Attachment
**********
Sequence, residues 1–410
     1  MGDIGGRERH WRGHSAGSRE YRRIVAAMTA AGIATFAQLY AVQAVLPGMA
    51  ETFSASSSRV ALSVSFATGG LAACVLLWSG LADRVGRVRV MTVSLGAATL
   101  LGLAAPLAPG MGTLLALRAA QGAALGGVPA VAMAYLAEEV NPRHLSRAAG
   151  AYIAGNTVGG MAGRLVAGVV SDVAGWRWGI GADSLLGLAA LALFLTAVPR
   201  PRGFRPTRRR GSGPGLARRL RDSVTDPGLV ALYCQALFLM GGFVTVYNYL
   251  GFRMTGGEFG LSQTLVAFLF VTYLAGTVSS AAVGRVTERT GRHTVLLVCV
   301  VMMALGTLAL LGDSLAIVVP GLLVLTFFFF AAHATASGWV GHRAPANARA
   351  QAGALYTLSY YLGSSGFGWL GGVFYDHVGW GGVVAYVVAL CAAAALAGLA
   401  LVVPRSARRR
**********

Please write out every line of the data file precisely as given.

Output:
Sequence, residues 1–410
     1  MGDIGGRERH WRGHSAGSRE YRRIVAAMTA AGIATFAQLY AVQAVLPGMA
    51  ETFSASSSRV ALSVSFATGG LAACVLLWSG LADRVGRVRV MTVSLGAATL
   101  LGLAAPLAPG MGTLLALRAA QGAALGGVPA VAMAYLAEEV NPRHLSRAAG
   151  AYIAGNTVGG MAGRLVAGVV SDVAGWRWGI GADSLLGLAA LALFLTAVPR
   201  PRGFRPTRRR GSGPGLARRL RDSVTDPGLV ALYCQALFLM GGFVTVYNYL
   251  GFRMTGGEFG LSQTLVAFLF VTYLAGTVSS AAVGRVTERT GRHTVLLVCV
   301  VMMALGTLAL LGDSLAIVVP GLLVLTFFFF AAHATASGWV GHRAPANARA
   351  QAGALYTLSY YLGSSGFGWL GGVFYDHVGW GGVVAYVVAL CAAAALAGLA
   401  LVVPRSARRR